For the first week of Horror Month — I mean, October — I want to look at movies I watched as a kid in what can be considered the most despised of my five broad categories – Disturbed Horror Movies. This broad category encompasses revenge movies, goreporn, torture porn and other films meant specifically to unsettle the audience through horrific imagery and scenes.
Wait, you might be asking, was I really watching this type of “entertainment” as a kid? Of course! I watched far too many to count, including the vile Faces of Death (1978), a film depicting a variety of real and fake death scenes (apparently less than half were fake). I don’t remember much about my viewing of Faces of Death, but I do remember I Spit on Your Grave (1978), Sleepaway Camp (1983) and The Toxic Avenger (1984) very well. For some reason, the latter two movies truly disturbed me as a kid. I have strong memories of watching Sleepaway Camp with my sister (on many occasions, perhaps as early as 8 or 9 years old), and being utterly fascinated and reviled by the ending scene (no spoilers!). This might have been the first time for me that a horror movie made me have some (some) sympathy for the villain.
Many movies attempt this sympathy, though most fall completely flat. I Spit, I think, did a good job at portraying the monstrosity of man (men) and what kind of damage — physically and emotionally — they can do to a woman. The first half is utterly brutal in its display of violence against the main character (showing how contemptible and unsympathetic the men are) , while the second half unfortunately might celebrate the revenge a little too much. I’ve failed at rewatching it several times now, though I’m not sure if it’s simply because of the barebones story, or because the visceral nature of the violence is too off-putting. Either way, I don’t think I fully understood or appreciated what the hell was going on in that movie as a kid.
Speaking of I Spit and Sleepaway, there was definitely a theme of revenge happening during the 1970s and 1980s, though it’s still going strong today with Kim ji-woon’s stunning and violent I Saw the Devil (2010) and Park chan-wook’s revenge trilogy which starts with the phenomenal Old Boy (2003). But it’s not just the Koreans, as America had its non-horror Kill Bill (2003) and David Slade’s Hard Candy (2005) while the Swedes had the gorgeous The Girl With the Dragon Tattoo (2009) and Thailand had Shutter (2004). All of these movies except Kill Bill and Hard Candy have had sub-par American remakes (a remake for I Saw the Devil is in the works).
I can’t go without saying that revenge horror has been around for decades, going as far back as Freaks (1932) where a circus midget and his friends of outcasts (all real life “freaks”) are seduced by a cold hearted trapeze artist. When done right, a movie that gets you to sympathize with a brutal killer can be thrilling, or, at the very least, thought provoking.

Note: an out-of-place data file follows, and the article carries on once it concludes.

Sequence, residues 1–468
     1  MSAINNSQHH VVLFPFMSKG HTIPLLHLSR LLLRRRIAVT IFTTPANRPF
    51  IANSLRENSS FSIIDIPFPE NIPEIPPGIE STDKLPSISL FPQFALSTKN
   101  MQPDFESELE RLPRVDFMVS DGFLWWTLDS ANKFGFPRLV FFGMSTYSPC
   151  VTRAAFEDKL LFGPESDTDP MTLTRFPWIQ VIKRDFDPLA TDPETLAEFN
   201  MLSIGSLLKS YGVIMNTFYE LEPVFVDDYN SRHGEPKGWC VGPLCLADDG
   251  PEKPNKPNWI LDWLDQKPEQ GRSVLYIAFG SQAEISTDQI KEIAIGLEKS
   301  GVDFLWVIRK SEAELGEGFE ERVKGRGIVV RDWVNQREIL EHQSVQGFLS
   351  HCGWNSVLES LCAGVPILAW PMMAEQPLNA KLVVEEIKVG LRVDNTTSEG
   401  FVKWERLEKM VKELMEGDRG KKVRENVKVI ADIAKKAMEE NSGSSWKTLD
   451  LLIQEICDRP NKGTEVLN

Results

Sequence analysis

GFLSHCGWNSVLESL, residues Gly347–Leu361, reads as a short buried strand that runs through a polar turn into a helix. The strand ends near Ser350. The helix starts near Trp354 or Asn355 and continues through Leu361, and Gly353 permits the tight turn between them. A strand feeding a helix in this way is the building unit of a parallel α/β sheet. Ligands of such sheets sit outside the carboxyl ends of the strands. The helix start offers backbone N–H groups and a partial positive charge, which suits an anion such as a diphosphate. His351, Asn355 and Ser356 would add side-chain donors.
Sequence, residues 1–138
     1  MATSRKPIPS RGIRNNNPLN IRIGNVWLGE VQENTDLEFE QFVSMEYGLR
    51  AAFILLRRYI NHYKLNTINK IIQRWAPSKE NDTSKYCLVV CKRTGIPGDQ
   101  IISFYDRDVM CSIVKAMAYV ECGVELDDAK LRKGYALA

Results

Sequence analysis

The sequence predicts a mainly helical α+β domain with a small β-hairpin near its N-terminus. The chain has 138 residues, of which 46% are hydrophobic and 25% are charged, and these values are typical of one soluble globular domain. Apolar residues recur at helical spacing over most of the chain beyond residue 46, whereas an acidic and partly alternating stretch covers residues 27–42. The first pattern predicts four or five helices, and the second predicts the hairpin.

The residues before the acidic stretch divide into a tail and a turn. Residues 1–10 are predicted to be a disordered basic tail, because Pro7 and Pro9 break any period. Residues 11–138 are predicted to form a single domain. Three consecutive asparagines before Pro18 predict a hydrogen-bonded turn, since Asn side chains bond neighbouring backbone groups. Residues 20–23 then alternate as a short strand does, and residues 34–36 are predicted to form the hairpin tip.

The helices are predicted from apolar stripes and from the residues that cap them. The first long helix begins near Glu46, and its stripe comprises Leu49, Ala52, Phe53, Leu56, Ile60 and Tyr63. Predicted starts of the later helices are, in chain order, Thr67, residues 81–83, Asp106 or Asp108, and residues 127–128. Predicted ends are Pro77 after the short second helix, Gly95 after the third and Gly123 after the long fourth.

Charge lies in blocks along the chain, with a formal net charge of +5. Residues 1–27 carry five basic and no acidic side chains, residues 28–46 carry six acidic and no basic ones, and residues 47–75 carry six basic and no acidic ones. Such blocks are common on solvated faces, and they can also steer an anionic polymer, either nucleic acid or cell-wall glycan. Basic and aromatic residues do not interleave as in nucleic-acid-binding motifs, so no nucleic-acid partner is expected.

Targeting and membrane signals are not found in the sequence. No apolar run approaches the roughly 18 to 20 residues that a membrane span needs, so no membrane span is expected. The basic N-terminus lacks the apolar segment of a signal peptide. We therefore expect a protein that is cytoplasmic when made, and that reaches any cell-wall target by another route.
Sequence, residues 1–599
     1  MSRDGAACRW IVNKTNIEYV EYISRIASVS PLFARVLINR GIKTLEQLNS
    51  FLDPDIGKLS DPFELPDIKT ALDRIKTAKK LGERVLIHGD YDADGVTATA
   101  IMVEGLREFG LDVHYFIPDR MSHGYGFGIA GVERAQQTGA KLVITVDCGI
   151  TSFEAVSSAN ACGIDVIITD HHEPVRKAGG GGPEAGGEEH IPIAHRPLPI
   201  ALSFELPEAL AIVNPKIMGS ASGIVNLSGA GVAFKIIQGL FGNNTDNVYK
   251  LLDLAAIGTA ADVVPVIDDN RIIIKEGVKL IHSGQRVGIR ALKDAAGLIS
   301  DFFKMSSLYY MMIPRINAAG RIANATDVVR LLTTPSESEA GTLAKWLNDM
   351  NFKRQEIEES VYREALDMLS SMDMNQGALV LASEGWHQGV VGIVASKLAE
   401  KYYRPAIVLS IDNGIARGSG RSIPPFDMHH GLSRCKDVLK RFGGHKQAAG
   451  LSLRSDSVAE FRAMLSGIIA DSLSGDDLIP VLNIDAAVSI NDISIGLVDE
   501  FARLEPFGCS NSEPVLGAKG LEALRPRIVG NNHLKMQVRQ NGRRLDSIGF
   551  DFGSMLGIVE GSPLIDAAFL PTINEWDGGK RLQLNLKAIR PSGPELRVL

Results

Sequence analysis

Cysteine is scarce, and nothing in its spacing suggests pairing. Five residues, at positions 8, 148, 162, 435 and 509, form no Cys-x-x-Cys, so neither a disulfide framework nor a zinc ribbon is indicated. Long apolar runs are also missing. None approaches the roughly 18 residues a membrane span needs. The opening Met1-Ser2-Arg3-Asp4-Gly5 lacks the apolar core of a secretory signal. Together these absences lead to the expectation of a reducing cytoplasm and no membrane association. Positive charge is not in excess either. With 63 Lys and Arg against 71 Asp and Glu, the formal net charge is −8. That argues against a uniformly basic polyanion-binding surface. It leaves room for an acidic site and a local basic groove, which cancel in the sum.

On the other hand, The Toxic Avenger, like all Troma films, is rude and crude with the gore level set to maximum. Unlike some of the other movies I watched, Troma films were outrageous in their violence, to the point that even my 8 year old self could appreciate the humour. Guts ripped out, kid’s heads crushed, blood everywhere. The first time I watched it was with my father, so I guess there was some level of parental guidance happening. Subsequent Troma viewings were definitely alone, so I assume that meant he didn’t appreciate the over the top nature of those movies or I was being more secretive in my movie viewing. I wouldn’t necessarily say Toxie is good (I couldn’t finish watching it again as an adult, sadly), but it’s definitely a guilty pleasure.
As a kid, I seemingly sought out gory movies, and eventually found my way to the grand father of horror movies – The Cabinet of Dr. Caligari (1920). The movie, considered by some as an unconscious desire for tyranny within the German state was called “the first true horror movie” by Roger Ebert and influenced everything from horror to film noir. It’s actually available here on Youtube for your viewing pleasure (no sarcasm intended). Watching older movies then led me to the surrealist Un Chien Andalou (1928), also available on Youtube. Un Chien Andalou is probably most famous for it’s opening scene in which a woman’s eyeball is sliced open by a razor. The symbolism is deep and important within the context of that movie, but it also can’t be ignored as being an opening for other directors to raise (lower?) the bar on gore. As a kid, that scene disturbed me more than anything Troma could deliver. In the end, though, movies like New Zealand’s schlocky Brain Dead (1992), Japan’s beautifully gory Tokyo Gore Police (2008), America’s surrealist Eraserhead (1977) and Canada’s postmodern Videodrome (1983) simply couldn’t exist without these silent era pioneers.
I’ve obviously left out a lot of movies, but the above small samplings are specifically the ones I remember affecting me as a kid to some degree, but also movies I feel are important historically (in relation to being gory or revenge-based horror movies at least). What revenge, gore or otherwise disturbing movie brought you that queasy feeling?